• You May Re-Negotiate the Agreement. If the payments do not fit within your budget, it is possible to reach a new installment agreement with the IRS. Though they are not guaranteed to approve your request, they will see to it that you reach a repayment option that is suitable for your economic circumstances.
  • Penalties and Interest May Be Less that That of Consumer Credit. This of course depends on your credit score and access to financing, but compare %11 percent with penalties to the %22+ percent some creditors charge, plus late fees and hidden fees. Since the IRS is concerned more with you repaying than with you locked in a cycle of debt, this may be a better option. However, if your credit is good and you have the means a personal loan, line of credit, or credit card may turn out to be better. However, just consider this: if you receive a tax refund as a result of your return, you have essentially given the IRS an interest free loan. They owe you no interest if you pay to much, but you owe them interest if you pay too little. Do research on your financing options and see what works best for you.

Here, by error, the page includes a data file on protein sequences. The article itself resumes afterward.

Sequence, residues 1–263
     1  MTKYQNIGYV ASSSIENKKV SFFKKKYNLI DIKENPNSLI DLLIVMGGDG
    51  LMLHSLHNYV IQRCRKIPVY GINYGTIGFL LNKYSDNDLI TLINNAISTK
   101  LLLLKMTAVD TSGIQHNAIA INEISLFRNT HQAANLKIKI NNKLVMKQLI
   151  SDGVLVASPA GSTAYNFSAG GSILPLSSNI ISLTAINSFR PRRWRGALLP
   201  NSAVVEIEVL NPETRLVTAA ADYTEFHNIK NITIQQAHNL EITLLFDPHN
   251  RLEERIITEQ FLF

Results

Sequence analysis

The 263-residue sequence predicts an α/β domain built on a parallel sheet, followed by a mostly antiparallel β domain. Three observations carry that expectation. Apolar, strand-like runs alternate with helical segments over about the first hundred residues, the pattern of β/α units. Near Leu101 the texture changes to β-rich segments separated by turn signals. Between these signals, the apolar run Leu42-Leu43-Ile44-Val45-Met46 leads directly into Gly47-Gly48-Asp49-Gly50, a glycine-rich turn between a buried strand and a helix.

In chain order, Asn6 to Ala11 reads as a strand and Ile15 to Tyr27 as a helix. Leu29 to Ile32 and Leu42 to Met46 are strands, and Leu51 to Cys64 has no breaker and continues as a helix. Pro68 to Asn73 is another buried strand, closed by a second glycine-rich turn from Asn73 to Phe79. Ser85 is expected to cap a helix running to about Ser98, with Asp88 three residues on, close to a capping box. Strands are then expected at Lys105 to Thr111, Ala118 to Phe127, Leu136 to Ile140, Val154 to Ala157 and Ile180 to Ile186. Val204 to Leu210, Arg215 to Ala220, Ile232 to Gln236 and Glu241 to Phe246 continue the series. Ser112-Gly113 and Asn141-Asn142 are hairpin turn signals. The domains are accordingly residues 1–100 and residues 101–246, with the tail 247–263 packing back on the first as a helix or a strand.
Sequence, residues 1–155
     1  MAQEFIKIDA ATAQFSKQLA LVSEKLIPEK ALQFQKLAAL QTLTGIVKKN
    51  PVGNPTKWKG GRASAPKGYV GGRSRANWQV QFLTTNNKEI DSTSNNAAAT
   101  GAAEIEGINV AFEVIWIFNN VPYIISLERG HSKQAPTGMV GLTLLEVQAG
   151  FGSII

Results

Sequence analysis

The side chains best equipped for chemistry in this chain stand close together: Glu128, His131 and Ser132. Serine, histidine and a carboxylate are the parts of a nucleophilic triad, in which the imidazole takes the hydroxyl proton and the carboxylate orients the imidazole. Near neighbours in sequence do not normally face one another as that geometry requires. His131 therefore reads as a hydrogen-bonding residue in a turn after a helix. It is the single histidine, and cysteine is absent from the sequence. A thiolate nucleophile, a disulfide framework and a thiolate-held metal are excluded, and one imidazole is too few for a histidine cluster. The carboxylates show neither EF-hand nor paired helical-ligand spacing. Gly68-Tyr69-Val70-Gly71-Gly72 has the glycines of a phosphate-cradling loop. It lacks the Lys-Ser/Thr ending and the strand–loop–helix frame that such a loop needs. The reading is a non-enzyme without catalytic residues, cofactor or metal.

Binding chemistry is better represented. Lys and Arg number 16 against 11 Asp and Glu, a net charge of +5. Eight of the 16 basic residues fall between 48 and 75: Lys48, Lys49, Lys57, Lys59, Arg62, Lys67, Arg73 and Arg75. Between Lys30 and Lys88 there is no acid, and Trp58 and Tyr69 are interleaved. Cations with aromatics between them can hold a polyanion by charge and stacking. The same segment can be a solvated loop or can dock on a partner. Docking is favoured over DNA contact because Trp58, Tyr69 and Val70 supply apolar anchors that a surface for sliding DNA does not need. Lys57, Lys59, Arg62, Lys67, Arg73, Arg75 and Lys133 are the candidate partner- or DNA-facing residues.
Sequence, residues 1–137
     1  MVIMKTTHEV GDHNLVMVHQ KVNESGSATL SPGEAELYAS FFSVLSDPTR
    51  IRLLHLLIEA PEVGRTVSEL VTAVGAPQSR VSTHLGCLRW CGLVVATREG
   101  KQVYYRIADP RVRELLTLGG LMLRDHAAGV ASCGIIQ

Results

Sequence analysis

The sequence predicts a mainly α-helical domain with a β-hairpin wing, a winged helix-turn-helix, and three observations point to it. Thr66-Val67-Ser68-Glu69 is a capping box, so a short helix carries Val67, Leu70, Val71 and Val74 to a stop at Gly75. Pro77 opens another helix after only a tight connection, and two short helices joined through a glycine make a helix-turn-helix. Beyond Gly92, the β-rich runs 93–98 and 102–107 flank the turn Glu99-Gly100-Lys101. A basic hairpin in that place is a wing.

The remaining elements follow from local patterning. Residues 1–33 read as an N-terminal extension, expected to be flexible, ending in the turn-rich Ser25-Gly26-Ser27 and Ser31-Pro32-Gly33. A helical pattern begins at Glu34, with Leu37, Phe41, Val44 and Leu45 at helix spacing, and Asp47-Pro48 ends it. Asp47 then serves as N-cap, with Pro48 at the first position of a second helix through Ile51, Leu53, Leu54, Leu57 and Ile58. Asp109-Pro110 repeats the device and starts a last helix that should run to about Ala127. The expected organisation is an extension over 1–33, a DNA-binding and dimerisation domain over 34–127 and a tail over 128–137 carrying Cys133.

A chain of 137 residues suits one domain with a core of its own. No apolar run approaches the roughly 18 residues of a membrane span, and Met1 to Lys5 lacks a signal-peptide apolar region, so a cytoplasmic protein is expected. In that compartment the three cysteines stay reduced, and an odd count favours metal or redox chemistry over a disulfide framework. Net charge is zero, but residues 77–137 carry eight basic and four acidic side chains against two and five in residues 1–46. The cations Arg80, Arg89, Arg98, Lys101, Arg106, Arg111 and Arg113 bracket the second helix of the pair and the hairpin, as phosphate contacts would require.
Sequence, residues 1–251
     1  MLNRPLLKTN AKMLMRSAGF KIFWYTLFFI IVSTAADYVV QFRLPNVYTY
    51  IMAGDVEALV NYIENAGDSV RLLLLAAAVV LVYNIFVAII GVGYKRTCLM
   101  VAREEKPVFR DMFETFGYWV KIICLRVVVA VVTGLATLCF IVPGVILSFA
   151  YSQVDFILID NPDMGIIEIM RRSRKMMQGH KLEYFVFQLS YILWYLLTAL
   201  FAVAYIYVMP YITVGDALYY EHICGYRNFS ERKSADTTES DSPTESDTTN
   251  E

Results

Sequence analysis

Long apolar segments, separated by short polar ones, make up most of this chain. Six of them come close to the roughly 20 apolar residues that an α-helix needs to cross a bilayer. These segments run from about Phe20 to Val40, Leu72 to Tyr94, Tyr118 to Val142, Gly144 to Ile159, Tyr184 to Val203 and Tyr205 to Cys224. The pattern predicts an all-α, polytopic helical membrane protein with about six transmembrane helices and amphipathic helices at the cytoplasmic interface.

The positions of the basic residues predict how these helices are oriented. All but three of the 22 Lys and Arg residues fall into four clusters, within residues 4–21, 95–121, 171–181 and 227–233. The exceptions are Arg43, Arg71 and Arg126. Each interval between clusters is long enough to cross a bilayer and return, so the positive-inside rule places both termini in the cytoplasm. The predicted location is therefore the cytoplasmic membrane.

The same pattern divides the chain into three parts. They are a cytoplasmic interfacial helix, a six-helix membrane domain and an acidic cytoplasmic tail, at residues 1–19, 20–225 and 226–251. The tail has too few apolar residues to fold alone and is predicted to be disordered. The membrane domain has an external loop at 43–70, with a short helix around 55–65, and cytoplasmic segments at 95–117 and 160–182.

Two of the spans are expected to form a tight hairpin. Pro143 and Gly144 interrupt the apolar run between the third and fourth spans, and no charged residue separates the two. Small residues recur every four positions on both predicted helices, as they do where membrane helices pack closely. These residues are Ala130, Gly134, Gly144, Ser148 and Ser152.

Cons:

  • You Are Dealing Directly With the IRS Rather than Creditors. Yes, this was the first pro listed, but taken from another perspective it may be a con. If things do not go according to plan with your installment agreements you will have to speak and answer directly to the IRS – exposing you and your finances to their scrutiny. Though you may have nothing to hide, always take care when speaking to them.
  • The Agreement has no Grace Period. If the installement agreement is even a day overdue it is considered delinquent. Though the IRS may give you some leeway, the monthly date of payment set forth in the agreement must be met or you will be considered in violation of the terms – and may potentially be liable for the total amount due all at once unless there is a reasonable explanation for the failure to pay by the agreed montly date.

Do I Qualify for the IRS Fresh Start Initiative?

Earlier this year, the Internal Revenue Service (IRS) rolled out its Fresh Start Initiative, aimed at helping struggling taxpayers. The initiative allows qualified taxpayers to avoid the IRS Failure to File penalty. This penalty is usually placed on unpaid tax balances, with accrued interest. Qualified individuals can request a six-month payment extension in which no penalties will accrue. Late payment penalties will be charged if the balance is not paid by October 15. Secondly, Fresh Start provides a different installment structure, allowing taxpayers to avoid financial reviews and Federal liens.